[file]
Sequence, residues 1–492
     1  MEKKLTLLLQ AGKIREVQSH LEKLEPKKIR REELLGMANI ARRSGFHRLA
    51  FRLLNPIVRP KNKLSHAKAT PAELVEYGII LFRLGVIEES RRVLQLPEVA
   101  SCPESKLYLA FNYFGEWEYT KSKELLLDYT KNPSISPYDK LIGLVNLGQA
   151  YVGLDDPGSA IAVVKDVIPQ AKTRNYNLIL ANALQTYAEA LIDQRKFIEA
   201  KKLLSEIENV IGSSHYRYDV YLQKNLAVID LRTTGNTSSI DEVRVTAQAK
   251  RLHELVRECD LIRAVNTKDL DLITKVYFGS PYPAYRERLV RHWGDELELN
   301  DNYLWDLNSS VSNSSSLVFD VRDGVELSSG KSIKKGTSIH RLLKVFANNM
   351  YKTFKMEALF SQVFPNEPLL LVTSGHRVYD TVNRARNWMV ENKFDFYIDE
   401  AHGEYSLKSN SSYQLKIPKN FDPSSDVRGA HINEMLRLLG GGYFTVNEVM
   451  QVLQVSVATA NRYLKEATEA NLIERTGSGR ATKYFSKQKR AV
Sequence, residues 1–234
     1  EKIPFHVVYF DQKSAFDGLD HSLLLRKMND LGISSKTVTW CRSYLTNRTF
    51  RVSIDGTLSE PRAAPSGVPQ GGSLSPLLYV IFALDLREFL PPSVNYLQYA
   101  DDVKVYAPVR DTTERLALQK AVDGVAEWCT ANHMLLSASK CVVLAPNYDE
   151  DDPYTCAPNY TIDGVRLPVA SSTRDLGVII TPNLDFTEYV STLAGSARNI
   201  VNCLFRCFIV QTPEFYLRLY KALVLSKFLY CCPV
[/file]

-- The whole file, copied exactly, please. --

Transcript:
Sequence, residues 1–492
     1  MEKKLTLLLQ AGKIREVQSH LEKLEPKKIR REELLGMANI ARRSGFHRLA
    51  FRLLNPIVRP KNKLSHAKAT PAELVEYGII LFRLGVIEES RRVLQLPEVA
   101  SCPESKLYLA FNYFGEWEYT KSKELLLDYT KNPSISPYDK LIGLVNLGQA
   151  YVGLDDPGSA IAVVKDVIPQ AKTRNYNLIL ANALQTYAEA LIDQRKFIEA
   201  KKLLSEIENV IGSSHYRYDV YLQKNLAVID LRTTGNTSSI DEVRVTAQAK
   251  RLHELVRECD LIRAVNTKDL DLITKVYFGS PYPAYRERLV RHWGDELELN
   301  DNYLWDLNSS VSNSSSLVFD VRDGVELSSG KSIKKGTSIH RLLKVFANNM
   351  YKTFKMEALF SQVFPNEPLL LVTSGHRVYD TVNRARNWMV ENKFDFYIDE
   401  AHGEYSLKSN SSYQLKIPKN FDPSSDVRGA HINEMLRLLG GGYFTVNEVM
   451  QVLQVSVATA NRYLKEATEA NLIERTGSGR ATKYFSKQKR AV
Sequence, residues 1–234
     1  EKIPFHVVYF DQKSAFDGLD HSLLLRKMND LGISSKTVTW CRSYLTNRTF
    51  RVSIDGTLSE PRAAPSGVPQ GGSLSPLLYV IFALDLREFL PPSVNYLQYA
   101  DDVKVYAPVR DTTERLALQK AVDGVAEWCT ANHMLLSASK CVVLAPNYDE
   151  DDPYTCAPNY TIDGVRLPVA SSTRDLGVII TPNLDFTEYV STLAGSARNI
   201  VNCLFRCFIV QTPEFYLRLY KALVLSKFLY CCPV